May 04, 2020, By: Joanne Petersen
Take away messages
- Supporting student nurse practice is an element of professional standards, and an ethical consideration for all nurses.
- The author offers easy tips and practical pearls that enhance the nurse preceptor/student nurse learning experience.
- Creating the right environment in any practice setting, from rural nursing to urban acute care, can ensure student nurse success in final practicums.
What’s your initial response when you think of a student nurse doing a practicum on your ward? Do you shy away from working with the student, or do you embrace the opportunity to grow the nurse of tomorrow?
The Canadian Nurses Association Code of Ethics for Registered Nurses (CNA, 2017) has an appendix addressing ethical considerations in relationship to nursing students, and two statements that speak clearly to nurse–student interactions:
Nurses treat each other, colleagues, students and other health-care providers in a respectful manner, recognizing power differentials among formal leaders, colleagues and students. They work with others to honour dignity and resolve differences in a constructive manner (p. 41).
Nurses share their knowledge and provide feedback, mentorship and guidance for the professional development of nursing students, novice nurses, other nurses and other health-care providers (p. 41).
It’s pretty clear: we all have an ethical responsibility to nursing students.
At the provincial level, the regulatory bodies set the practice standards for the profession. These broad, principle-based statements also address what is expected of RNs in every practice setting in terms of supporting student nurses. In Saskatchewan, where I practise as a point-of-care RN, the Saskatchewan Registered Nurses Association document “Registered Nurse Practice Standards” (SRNA, 2019) states:
- #4 Service to the Public: The RN demonstrates leadership in quality and ethical nursing practice, delivery of health care services and establishing professional relationships. The RN upholds this standard by: #48 Acting as a formal and/or informal mentor to RNs, nursing students and colleagues to enhance and support professional growth.
… we all have an ethical responsibility to nursing students.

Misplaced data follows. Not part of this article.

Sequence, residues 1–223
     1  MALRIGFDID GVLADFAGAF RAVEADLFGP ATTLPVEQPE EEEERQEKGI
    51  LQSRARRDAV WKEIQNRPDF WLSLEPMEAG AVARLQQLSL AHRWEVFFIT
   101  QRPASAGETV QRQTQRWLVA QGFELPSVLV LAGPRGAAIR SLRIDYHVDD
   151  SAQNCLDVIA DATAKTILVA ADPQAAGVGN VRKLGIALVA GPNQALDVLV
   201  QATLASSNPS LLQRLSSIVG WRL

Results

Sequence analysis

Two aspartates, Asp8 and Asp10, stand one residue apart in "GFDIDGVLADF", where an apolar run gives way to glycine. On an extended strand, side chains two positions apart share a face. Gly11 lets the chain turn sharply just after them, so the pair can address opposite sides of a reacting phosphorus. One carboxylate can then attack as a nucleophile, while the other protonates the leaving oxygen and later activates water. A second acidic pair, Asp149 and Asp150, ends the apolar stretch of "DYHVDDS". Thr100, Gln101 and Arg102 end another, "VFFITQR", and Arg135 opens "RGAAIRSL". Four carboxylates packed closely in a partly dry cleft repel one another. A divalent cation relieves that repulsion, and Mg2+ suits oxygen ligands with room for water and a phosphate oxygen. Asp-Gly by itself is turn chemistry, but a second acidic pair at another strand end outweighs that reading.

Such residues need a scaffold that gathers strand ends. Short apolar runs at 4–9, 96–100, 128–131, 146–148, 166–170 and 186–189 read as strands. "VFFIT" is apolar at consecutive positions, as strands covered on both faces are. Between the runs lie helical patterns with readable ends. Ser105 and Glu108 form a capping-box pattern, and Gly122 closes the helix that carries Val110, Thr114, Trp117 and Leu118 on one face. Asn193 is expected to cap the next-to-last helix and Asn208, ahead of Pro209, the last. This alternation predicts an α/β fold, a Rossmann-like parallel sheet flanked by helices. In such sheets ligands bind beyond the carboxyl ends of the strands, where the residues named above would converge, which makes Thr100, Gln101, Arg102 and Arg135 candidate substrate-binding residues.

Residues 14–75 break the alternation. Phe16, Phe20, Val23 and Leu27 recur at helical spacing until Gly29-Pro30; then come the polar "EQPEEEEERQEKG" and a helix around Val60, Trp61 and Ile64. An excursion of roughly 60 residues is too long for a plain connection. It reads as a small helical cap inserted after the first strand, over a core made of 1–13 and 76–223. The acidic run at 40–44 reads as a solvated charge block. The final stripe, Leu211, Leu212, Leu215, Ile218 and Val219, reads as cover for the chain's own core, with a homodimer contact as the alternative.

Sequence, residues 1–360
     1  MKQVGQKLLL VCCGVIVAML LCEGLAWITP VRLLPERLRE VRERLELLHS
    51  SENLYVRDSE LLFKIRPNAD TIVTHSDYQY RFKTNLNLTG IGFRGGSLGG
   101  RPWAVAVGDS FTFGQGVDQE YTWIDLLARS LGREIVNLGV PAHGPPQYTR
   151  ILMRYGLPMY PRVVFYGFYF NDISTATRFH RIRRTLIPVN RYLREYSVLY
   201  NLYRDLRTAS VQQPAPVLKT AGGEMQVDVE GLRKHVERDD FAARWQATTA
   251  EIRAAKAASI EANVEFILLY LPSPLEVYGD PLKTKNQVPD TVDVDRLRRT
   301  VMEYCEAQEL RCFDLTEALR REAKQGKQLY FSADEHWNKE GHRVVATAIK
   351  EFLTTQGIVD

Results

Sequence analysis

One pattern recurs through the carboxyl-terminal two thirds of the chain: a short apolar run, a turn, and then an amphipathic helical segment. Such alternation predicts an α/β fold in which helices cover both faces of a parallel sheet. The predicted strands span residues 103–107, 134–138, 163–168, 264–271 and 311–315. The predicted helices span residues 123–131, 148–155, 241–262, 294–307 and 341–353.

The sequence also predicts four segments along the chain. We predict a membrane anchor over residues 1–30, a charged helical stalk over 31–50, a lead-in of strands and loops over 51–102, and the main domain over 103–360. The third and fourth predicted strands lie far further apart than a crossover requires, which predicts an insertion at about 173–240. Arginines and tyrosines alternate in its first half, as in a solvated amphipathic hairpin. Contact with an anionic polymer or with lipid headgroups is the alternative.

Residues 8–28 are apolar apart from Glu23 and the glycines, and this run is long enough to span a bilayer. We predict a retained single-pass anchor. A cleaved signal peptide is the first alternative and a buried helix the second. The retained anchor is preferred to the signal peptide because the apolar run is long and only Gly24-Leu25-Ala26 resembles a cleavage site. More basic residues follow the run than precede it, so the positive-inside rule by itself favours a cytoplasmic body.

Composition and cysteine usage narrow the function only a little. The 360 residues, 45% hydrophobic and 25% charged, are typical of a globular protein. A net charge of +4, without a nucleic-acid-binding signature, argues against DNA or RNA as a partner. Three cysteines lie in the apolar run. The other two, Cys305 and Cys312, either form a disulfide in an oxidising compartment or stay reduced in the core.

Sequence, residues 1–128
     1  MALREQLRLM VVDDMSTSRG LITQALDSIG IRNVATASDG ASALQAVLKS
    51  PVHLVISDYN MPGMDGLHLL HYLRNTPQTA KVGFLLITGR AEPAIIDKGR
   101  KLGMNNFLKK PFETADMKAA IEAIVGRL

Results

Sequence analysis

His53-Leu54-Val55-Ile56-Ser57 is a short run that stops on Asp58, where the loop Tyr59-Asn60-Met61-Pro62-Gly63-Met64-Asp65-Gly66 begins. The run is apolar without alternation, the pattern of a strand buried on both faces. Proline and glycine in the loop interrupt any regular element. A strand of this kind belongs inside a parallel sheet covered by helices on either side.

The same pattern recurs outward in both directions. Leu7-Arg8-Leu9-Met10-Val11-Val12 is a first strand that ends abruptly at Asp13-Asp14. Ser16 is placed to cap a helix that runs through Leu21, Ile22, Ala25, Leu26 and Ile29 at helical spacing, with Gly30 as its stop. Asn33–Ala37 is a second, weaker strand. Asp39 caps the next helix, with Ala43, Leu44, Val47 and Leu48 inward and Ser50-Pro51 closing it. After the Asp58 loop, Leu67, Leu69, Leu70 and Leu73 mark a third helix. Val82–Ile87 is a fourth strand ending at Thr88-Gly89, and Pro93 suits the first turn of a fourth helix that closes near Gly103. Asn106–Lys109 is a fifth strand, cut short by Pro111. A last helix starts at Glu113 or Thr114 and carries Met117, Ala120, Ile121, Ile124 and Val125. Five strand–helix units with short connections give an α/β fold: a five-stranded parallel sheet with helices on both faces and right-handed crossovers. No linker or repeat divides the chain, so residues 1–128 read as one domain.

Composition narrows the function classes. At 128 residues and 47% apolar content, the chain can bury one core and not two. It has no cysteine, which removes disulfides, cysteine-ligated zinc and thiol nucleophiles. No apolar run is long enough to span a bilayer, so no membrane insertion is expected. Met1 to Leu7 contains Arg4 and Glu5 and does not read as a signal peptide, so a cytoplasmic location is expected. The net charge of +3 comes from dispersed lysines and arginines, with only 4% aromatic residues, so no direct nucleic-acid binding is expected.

So I bet you can guess that I am an RN who embraces “supporting and enhancing” the professional growth of nursing students.
Precepting nursing students
Over the course of my 31 years in clinical practice, I have grown professionally and evolved my competencies as a preceptor to nursing students. Over the past 5 years, in a rural integrated facility, I have precepted fourth-year nursing students every year. I believe every nurse has something to offer a student.
When my own daughter was a student nurse in the Saskatchewan Collaborative Bachelor of Science Nursing program offered by the University of Regina and Saskatchewan Polytechnic, I took the opportunity to attend a learning session hosted by the program for RNs who were interested in precepting nursing students. The learning was invaluable in my role as a preceptor, and really boosted my confidence in having a student nurse tagged up with me for 6 weeks. No clinical instructor was on site but was available via phone or email.
Each student is unique in terms of their personality, learning style, previous experience, and goals, but there are many commonalities. Every student is a little (or a lot) nervous at the start. They are adjusting to a brand-new workspace, totally new faces, and a preceptor in place of a clinical instructor. And they are all wanting to put their education into practice.
I’ve found it helpful to meet with the student before she or he ever set foot in the facility. Meeting up for coffee a day or two before enables me to give them a rundown of what to expect that first day, answer their questions, and find out what their learning plan is. I also set out my expectations upfront to head off any problems. Punctuality is very important to me; to me, that means arriving at least 10 minutes ahead of report, not one minute.
Well before this first meeting I will have provided the student with my shift work schedule so that they can plan the 6 weeks well in advance. Almost all of the students I see are not from our rural area; most have found temporary accommodations for the practicum, and they want to know what days they can plan on going back home.
Many nurses assume they cannot precept students if they work part-time. In my experience, it works marvellously when two part-time RNs team up to jointly precept a student. The student gets some flexibility in scheduling shifts, and can choose which shifts between the two nurses work best for them. They also get the added benefit of learning from two different nurses.
Challenges and opportunities
Just as each student is unique, each nurse is unique in how they organize their workload, their style, perspectives, experience, and insights. This leads to a very rich experience for the student.
Often these final practicums for the fourth-year students are their first exposure to working the night shift and the challenges it brings. I find nursing students are keen to learn the self-care strategies that seasoned shift workers use to make the night shift manageable, and so I offer my student the flexibility to do night shifts with another RN to afford them a different perspective.
… nursing students are keen to learn the self-care strategies that seasoned shift workers use …
Besides the actual work of nursing and caring for our patients, there are other learning opportunities we might not think about when we have a student nurse. I’ve immersed the students in my own professional development. One student went with me to an Advanced Cardiac Life Support recertification training day and got to see me in the student role, being tested in a mega code scenario.